Perhaps most importantly, peace and stability in Afghanistan will define the future of Pakistani stability and prosperity — as has been the case for over four decades. In the absence of a coherent and powerful forum for Pakistan’s vital role in Central Asia and its future, the SCO is the primary vehicle through which this influence and vitality can be explored.

In the longer term, a more clearly Pakistan-centric trade and security forum for Pakistan and the Central Asian states needs to emerge — independent of the influence of both Tehran and Ankara. But in the interim, Pakistani leaders need to invest time, effort and care during SCO fora to deepen Islamabad and Rawalpindi’s engagement with these Muslim majority countries that all require sea lanes to the Arabian Sea, and to the Indo Pacific region at large.

Fourth, of all the countries that are SCO members, none have the both-feet-in-both-camps past, present and future that Pakistan does. Despite the SCO being China and Russia led, the participation of India clearly indicates that joining the SCO is not equal to joining the Beijing ‘camp’.

But India is not a camp player anyway; it is too big to be asked to choose between different powers. Indian policymakers have spent nearly three decades transitioning from a regional power that can’t seem to get its way even on its borders, to a power that is now getting its way both ways — at a global scale.

Unlike India, Pakistan is stuck in ‘middle power quicksand’. It is big enough to garner the interest of both the West and the non-Western powers. But it is small enough that indecisiveness or mistakes with either camp will produce consequences of consequence. 

This makes Pakistan’s engagement at the SCO an important marker for how Pakistan will not disengage from China and Russia to please the West — a marker that then needs to be balanced by markers in the other direction (and hence why eschewing participation in Joe Biden’s democracy variety show was the wrong call by Islamabad).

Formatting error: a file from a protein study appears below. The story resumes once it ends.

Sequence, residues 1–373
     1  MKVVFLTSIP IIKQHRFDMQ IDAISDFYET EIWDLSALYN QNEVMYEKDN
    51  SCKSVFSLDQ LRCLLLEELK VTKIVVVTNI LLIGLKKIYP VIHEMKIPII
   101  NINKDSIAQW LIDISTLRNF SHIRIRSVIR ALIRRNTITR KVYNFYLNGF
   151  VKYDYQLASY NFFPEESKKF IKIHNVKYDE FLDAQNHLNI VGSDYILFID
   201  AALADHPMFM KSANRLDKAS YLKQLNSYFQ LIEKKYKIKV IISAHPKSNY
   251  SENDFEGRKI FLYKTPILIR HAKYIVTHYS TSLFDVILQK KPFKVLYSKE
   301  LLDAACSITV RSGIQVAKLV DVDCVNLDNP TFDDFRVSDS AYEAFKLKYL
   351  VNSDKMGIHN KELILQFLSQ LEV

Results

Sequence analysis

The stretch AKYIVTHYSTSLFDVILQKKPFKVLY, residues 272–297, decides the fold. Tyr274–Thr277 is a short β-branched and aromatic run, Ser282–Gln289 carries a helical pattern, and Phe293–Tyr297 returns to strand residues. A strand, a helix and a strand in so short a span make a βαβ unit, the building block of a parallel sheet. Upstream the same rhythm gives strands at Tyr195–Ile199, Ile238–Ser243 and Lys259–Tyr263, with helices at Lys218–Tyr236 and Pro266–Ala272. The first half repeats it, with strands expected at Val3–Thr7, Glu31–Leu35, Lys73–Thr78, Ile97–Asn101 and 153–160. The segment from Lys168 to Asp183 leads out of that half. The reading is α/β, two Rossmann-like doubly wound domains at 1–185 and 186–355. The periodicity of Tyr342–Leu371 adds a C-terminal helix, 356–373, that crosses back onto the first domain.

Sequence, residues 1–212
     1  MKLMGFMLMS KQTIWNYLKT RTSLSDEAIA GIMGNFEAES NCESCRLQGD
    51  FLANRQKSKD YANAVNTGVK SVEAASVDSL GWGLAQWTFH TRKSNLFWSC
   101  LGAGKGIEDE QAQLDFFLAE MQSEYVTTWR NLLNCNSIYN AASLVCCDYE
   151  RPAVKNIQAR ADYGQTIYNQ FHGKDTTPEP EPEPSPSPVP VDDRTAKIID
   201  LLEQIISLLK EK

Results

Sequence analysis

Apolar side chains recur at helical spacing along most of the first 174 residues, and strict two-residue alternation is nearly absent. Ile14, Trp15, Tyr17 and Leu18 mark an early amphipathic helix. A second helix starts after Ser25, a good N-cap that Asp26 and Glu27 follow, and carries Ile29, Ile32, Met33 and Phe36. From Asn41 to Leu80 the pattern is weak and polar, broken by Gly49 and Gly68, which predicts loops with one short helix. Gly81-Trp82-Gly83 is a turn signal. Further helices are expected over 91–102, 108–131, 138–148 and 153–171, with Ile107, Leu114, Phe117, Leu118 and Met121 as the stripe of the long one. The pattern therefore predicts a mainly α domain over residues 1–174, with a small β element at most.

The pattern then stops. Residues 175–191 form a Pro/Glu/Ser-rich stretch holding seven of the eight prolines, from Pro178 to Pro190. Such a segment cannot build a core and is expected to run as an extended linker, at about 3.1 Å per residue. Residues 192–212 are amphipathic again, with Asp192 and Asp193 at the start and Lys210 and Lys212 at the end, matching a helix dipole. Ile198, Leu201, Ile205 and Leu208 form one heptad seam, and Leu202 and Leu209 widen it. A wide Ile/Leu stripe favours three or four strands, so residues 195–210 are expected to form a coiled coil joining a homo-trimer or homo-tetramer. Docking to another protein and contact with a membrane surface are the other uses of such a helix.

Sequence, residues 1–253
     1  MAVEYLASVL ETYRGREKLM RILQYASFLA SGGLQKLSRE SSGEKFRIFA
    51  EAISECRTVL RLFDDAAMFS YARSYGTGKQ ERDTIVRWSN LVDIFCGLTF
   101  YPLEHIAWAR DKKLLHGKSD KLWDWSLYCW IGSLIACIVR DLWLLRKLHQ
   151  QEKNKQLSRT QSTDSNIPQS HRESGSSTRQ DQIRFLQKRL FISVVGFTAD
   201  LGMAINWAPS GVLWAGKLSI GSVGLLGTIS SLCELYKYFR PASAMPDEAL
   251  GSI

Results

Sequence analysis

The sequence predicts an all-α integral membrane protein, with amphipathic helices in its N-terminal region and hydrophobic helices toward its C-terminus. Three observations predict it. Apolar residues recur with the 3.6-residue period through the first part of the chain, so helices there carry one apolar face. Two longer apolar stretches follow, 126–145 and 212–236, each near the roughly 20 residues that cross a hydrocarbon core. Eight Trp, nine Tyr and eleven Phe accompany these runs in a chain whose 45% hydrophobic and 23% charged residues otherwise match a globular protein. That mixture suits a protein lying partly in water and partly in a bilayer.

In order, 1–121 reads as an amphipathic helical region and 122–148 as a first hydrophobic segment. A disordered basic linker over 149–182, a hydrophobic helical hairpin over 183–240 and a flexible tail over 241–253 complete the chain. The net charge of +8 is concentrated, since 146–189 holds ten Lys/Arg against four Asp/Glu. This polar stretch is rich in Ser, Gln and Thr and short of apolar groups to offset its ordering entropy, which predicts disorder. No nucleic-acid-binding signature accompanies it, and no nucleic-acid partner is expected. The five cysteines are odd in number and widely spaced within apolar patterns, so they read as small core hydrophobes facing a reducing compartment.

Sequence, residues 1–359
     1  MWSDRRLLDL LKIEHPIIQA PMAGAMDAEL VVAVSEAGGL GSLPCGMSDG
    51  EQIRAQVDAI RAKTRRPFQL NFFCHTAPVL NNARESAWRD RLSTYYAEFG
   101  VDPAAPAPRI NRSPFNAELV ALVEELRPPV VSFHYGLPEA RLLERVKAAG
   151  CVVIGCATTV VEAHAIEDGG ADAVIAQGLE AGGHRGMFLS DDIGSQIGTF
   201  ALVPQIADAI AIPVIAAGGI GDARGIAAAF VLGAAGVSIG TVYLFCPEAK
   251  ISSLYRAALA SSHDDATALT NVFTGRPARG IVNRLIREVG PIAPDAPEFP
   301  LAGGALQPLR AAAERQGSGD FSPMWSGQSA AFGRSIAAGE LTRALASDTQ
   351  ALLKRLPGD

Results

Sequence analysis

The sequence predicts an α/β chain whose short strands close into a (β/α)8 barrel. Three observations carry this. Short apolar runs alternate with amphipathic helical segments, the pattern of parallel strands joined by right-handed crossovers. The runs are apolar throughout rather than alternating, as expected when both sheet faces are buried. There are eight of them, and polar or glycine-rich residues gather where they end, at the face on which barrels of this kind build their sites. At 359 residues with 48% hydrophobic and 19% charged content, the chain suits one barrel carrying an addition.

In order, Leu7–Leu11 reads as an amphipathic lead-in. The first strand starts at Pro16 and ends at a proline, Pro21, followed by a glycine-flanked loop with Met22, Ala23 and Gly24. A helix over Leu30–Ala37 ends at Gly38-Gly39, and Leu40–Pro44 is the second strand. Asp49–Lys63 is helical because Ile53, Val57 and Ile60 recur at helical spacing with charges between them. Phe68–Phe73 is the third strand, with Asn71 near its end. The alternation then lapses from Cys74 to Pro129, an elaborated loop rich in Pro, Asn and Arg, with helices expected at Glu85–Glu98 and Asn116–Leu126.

As a both-feet-in-both-camps power, Pakistan has an important role to play, not only for its own sake, but to establish a paradigm for how countries like Kazakhstan will manage the balance between their economic engagement with China, their security concerns with respect to Russia and their strategic interest in ramping up cooperation with Western powers.

No country is better placed to set the table on how closeness to both Beijing and Washington (and civility with Moscow) is both possible and desirable than Pakistan. 

The SCO is the ideal setting for learning how to design this paradigm and how to sustain it for the next quarter century or more. The bonus here is that unlike many other countries, Western powers are likely to be most comfortable in engaging with Pakistan as their way of engaging with SCO at large — which makes Pakistan more important both at the SCO, as well as in Berlin, Brussels, Paris, London, Canberra, Tokyo and Washington DC.

Fifth, and finally, there is the SCO’s role in training and preparing Pakistan’s public discourse, the Pakistani civil service (especially the Foreign Office) and Pakistani politicians in how to engage with India. India’s rise as an economic power, and its arrival as a major strategic power at the global stage means that any notion of backtracking from August 5, 2019 or any notion of concession to Pakistan is a non-starter. 

To boot, India’s media and leaders have cultivated the normalization of right-wing extremism that will make the oppression of India’s minorities harsher, more explicit and worse than ever before.

Given these factors, Pakistan will not (and should not) consider any concessions to India. The only way the two countries are likely to sit at the same table is multilaterally. Here too, India has deliberately and purposefully shut down the Saarc forum — largely to indicate its power over the region to exclude Pakistan. 

India’s deployment of lawfare to weaponize UNSC 1267 against Pakistan has been masterful — both through instruments like FATF and India's more subtle multipronged engagement of powers like France, Australia and Japan.

The only meaningful channel where India will continue to have to play ball is the SCO. Pakistan will need to learn how to avoid bilateralizing the SCO, how to avoid the Indian media’s onslaught of disinformation and misinformation to distract SCO countries from the actual SCO and RATS agenda, and how to eschew engaging in debates that distract Pakistan from its immediate, near-term interests.

Pakistanis should pray for Foreign Minister Bilawal Bhutto-Zardari to have a successful (and uneventful) visit to Goa.


The writer is an analyst and commentator.

Originally published in The News